Chain Store Sales of Winter Sports Products Slip; Nordic Sees Increases
Chain stores sales were down 8.9 percent for the August through December time period compared to 2000, according to the third Retail Audit for the season. In dollars, that translates to $291 million in sales so far this year compared to $320 million in 2000. The unit sales were even further behind last year (-14.6 percent).
Jim Spring of Leisure Trends Group which prepares the annual Retail Audit for SnowSports Industries America (SIA) remains optimistic, “Snow has fallen and we still have two more months of winter.” SIA is the not-for-profit industry trade group that represents manufacturers and distributors of snow sports products. The SIA Retail Audit tracks and reports sales in all snow sports product categories. This is the third of six reports that will look at sales through March 31, 2002, the end of the winter season.
Chain Store Sales
All equipment (alpine, snowboard and Nordic) for chain stores was down 14.8 percent to $72.3 million from $84.9 million in 2000. Alpine gear was also down 14.8 percent to $36.2 million as compared to $42.4 million last season. Nordic equipment was a bright spot in a slow selling season at chain stores. Nordic equipment rose 12.9 percent to $5.0 million compared to 2000, when sales were $4.4 million. Snowboard equipment tracked 18.1 percent behind or $31.1 million in sales as compared to $38 million last season.
Both apparel and accessories saw losses at chain stores during the August through December time period, down 3.6 percent and 10.3 percent respectively. Sales for apparel were $122 million while accessories were $97 million. Last season sales for apparel were $127 million while accessories were $108 million.
Nordic Sales Surge
Alpine ski sales fell 13.2 percent to $15.3 million, however, units sold increased by 6.6 percent. Mid fat, fat and carry over (average retail $98.50) were all ahead of the 2000 numbers.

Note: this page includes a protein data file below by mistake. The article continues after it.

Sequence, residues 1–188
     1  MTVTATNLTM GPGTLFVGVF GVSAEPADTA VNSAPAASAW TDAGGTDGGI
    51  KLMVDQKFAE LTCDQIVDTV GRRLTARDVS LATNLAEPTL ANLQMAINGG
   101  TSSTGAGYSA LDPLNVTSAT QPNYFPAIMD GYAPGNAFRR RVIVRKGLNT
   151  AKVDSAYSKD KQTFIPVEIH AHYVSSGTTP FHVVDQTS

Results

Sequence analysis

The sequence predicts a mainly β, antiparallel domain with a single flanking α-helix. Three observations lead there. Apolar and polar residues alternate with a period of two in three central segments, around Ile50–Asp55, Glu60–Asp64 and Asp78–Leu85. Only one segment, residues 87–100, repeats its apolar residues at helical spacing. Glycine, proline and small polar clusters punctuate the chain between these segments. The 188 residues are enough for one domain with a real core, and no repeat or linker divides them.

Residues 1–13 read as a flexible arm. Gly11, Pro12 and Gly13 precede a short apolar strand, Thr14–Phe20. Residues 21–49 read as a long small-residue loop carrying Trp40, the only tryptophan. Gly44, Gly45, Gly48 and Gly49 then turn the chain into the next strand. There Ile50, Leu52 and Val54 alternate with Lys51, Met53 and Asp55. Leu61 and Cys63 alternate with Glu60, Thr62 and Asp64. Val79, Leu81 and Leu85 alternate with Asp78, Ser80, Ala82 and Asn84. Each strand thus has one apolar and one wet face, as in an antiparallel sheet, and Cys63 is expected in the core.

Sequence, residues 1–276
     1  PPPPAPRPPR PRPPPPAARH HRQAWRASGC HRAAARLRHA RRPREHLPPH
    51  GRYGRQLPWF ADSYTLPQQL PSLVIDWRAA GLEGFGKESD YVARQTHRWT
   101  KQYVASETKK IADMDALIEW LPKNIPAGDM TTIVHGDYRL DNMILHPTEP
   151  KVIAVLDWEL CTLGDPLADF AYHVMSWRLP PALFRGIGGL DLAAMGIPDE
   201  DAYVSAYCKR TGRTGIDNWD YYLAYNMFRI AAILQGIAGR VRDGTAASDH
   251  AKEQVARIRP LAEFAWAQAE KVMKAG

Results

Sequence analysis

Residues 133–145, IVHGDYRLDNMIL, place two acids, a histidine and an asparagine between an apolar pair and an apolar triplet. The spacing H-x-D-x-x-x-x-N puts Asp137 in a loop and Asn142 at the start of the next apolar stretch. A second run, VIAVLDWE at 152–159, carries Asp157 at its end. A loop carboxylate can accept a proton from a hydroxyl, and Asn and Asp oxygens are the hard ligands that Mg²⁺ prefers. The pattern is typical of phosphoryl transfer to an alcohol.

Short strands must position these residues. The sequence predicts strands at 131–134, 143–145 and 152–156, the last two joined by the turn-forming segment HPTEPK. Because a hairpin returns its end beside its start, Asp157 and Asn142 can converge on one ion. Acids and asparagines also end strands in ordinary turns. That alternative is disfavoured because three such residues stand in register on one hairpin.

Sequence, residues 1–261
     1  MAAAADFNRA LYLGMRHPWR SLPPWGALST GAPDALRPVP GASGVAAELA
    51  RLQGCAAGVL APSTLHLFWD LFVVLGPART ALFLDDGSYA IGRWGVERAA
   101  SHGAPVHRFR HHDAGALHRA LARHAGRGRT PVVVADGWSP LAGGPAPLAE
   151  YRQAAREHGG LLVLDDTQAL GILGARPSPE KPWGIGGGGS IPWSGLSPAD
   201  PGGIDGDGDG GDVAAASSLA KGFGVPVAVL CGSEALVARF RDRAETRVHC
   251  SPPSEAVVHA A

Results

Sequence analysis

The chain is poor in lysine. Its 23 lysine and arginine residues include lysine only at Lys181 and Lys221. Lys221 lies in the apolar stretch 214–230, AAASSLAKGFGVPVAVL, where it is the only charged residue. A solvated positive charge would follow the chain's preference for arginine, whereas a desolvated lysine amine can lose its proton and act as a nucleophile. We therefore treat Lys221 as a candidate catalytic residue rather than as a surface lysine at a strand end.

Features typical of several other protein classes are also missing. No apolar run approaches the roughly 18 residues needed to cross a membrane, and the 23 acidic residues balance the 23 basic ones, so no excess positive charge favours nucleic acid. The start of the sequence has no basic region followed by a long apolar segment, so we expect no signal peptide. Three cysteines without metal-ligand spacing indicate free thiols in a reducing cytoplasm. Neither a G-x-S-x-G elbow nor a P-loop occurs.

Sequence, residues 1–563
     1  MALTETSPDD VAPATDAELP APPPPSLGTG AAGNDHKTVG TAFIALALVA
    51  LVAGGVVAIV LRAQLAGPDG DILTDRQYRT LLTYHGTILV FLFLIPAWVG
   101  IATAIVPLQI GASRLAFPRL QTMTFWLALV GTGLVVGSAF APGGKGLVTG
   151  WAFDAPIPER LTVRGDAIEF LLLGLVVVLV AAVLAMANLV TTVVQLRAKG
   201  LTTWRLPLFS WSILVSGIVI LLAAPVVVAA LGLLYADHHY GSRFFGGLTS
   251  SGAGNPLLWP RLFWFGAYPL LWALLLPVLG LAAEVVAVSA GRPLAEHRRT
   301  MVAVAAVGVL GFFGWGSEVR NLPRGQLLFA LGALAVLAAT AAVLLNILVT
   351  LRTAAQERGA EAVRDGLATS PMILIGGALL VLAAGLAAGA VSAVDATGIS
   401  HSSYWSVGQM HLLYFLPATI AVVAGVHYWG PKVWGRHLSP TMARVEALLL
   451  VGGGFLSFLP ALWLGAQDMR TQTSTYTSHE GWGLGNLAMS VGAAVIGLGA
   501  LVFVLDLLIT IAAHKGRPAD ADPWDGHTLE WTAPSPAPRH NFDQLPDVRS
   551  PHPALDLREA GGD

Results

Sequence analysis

Both alpine boot and binding sales slipped. Boots dropped 21.8 percent to $12.3 million. Boot sales have been battered by a decline in high performance boots, down 69.8 percent in units. In addition, bindings fell 10.8 percent to $6.3 million, however, units were up 5.4 percent. The gains were accounted for by selling slightly more than 24,000 carry over bindings, up 85 percent. Poles are down 7.2 percent to $1.8 million.
One of the bright spots in hard goods is the increase in sales of Nordic ski equipment. Even without much snow, Nordic skis climbed 5.5 percent to $1.9 million followed by bindings (up 4.9 percent to $710,167), boots (up 25.9 percent to $2.0 million) and poles (up 9.4 percent to $457,254).
Snowboard equipment sales cooled off for the first time in many seasons at chain stores. Snowboard sales were down 22.4 percent in dollars to $14.1 million. All categories were down except for Freestyle boards, which were up 16.0 percent in units. Snowboard boot sales were down 14.6 percent to $9.9 million. In addition, snowboard bindings were down 13.7 percent to $7.1 million. Snow de
cks/skates were a hot product during the holiday season, with almost 10,000 units sold so far, selling for an average of $52.
Vests, Fleece Tops and Sweaters Stay Strong in Warmer Weather
Even though apparel tops were down 7.6 percent in dollars, there are some categories to watch. Women’s and junior’s shell parkas were hot in chain stores, up 73.1 percent and 81.0 percent respectively. With the weather staying warm, vests (up 9.6 percent in dollars,) fleece tops (up 16.9 percent in dollars) and sweaters (up 10.2 percent in dollars) posted strong numbers.
Bottoms did well in chain stores, up 12.4 percent to $23.5 million. Shell waist pants (up 1.5 percent in dollars), insulated waist (up 8.0 percent in dollars), stretch waist (up 13.5 percent in dollars), fleece waist (up 36.4 percent in dollars) and junior bottoms (up 41.8 percent in dollars) all registered gains. Snowboard apparel was up slightly 1.2 percent to $21 million with units charging ahead 14.4 percent. Snowboard bottoms bloomed with an increase of 23.2 percent in dollars. The average selling price was $60.
Accessories Business Dries Up
The accessories business slowed in December. Equipment accessories were just slightly down 1.9 percent to $39.8 million. However some categories made gains, goggles (up 10.3 percent to $7 million), auto racks (up 27.1 percent to $5.4 million), snowshoes (up 2.6 percent to 2.4 million) and helmets (up 1.3 percent to $3.9 million).
Apparel accessories had a tough time in December. This category was down 15.3 percent to $57 million. The only category that saw any type of dollar gain was winter boots, up 18.8 percent to $3.5 million.